The first few Locomotives turned out by the shops in Como undoubtedly used materials on hand for painting and lettering, which were all UP, and before any "standard" scheme was specified by the C&S. This was encouraged by Todd Hackett, David Christian Fletcher, and Hol Wagner.

#22 had striped driver tires, #7 had a more silvered smokebox door, but both were otherwise UP standard. In #7's case, right down to Mineral Red in all the right places. No one can convince me otherwise. And I went into that project as a non-believer in such foolishness.    
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RE: C&S Intertwined Logo

SteveG
In reply to this post by Jim Courtney
What's the latest confirmed date anyone can cite for the use of the columbine logo?  The Narrow Gauge Pictorial Vol VI, page 53 cites a photo dated to 1906 of number 10 at Halfway Tank as the latest example, but there are two pictures of number 9, on pages 46 and 47, that show her with and without the intertwined logo, and they are both attributed to be circa 1910.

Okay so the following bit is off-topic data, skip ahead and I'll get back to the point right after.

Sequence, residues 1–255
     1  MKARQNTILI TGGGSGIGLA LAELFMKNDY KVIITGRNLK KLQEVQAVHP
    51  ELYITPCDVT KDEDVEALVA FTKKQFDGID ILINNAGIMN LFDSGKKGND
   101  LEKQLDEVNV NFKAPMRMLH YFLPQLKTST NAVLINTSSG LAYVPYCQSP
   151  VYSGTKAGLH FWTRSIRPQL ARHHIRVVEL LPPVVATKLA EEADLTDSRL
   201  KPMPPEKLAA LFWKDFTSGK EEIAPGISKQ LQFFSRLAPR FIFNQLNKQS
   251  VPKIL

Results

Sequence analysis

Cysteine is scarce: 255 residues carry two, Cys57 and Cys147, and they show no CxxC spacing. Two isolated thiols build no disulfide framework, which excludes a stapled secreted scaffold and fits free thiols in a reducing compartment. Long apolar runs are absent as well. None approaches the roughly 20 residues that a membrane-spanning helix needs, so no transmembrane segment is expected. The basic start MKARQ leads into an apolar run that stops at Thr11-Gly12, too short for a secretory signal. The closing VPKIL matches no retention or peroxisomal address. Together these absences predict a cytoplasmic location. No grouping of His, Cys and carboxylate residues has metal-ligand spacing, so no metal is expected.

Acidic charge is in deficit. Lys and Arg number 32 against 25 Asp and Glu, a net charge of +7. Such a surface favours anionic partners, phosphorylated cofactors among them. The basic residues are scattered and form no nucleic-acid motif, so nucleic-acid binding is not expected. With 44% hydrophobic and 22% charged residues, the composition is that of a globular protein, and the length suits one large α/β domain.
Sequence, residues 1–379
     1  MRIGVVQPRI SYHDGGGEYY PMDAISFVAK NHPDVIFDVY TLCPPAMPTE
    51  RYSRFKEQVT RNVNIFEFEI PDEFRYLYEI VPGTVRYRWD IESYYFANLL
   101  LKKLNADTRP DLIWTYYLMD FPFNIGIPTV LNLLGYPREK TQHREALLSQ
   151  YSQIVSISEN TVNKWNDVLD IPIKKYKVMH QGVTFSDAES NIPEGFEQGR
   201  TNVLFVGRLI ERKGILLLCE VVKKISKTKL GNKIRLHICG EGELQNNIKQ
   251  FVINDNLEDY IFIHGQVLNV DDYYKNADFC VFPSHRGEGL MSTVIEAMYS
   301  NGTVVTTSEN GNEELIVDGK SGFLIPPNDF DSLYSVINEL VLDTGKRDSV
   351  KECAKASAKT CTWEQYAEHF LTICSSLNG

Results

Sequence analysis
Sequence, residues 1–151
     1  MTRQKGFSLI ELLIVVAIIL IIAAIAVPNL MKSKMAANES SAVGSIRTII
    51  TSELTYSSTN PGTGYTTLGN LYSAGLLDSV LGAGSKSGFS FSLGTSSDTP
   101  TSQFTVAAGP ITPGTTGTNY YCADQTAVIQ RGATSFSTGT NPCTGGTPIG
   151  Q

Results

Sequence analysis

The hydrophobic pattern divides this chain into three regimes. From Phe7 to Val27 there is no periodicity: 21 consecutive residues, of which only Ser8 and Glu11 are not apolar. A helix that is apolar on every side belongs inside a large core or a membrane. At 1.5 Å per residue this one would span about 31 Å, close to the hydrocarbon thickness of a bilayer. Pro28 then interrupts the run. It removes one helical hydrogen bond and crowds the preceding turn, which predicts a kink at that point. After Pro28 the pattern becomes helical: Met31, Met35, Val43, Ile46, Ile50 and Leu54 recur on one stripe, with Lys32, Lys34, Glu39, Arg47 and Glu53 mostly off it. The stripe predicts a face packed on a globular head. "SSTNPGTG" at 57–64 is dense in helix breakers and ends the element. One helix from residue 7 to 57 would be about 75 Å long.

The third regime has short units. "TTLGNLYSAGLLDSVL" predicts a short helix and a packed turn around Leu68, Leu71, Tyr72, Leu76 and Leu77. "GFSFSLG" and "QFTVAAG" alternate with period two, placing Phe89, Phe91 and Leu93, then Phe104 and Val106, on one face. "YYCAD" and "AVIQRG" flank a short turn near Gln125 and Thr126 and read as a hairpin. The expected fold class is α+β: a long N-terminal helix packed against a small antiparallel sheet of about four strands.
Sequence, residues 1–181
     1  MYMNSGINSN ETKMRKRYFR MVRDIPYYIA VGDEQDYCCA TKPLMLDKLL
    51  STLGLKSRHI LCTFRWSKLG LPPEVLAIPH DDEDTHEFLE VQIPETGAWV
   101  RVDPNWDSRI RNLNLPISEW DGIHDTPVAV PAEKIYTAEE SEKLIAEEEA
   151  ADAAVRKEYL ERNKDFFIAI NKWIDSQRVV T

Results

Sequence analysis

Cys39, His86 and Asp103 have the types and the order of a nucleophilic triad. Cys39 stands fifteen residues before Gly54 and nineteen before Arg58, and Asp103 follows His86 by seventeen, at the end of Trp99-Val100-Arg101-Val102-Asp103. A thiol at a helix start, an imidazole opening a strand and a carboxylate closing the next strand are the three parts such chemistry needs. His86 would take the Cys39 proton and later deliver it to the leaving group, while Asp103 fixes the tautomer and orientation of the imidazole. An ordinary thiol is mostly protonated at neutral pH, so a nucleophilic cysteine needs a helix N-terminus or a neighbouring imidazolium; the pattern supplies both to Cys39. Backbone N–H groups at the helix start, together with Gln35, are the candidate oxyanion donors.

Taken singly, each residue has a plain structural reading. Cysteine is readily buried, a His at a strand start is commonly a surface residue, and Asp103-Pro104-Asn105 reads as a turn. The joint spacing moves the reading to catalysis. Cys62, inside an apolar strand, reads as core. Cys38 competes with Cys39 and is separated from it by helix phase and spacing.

Would love to have some excuse for at least one instance of that lettering style in my version of Como in mid-1910, but I think that's a stretch.

Steve Guty
Redmond, WA
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RE: C&S Intertwined Logo

Rick Steele
Steve,

I would think that the Columbine logo was dropped around the time that the C&S was taken over by the CB&Q. That seems to be the time that the "Colorado and Southern" appears on the tenders and the large numbers appear on the cab sides. This is also around the time that the block C&S is dropped for the round logo so familiar to all of us C&S fans.

If you stop and look at the CB&Q equipment of the time and substitute the round logo for the CB&Q box, the lettering is almost exactly the same.

If you are modeling 1910, I would bet you dollars to doughnuts that there were still plenty of locomotives lettered in the Columbine Logo (aka Intertwined) at that time. You have to remember that the repainting came along when the locomotives were out of service for major repairs or shopped with enough time to paint them. Like today, new lettering styles may be preferred, but there are plenty of old ones still running around.

Rick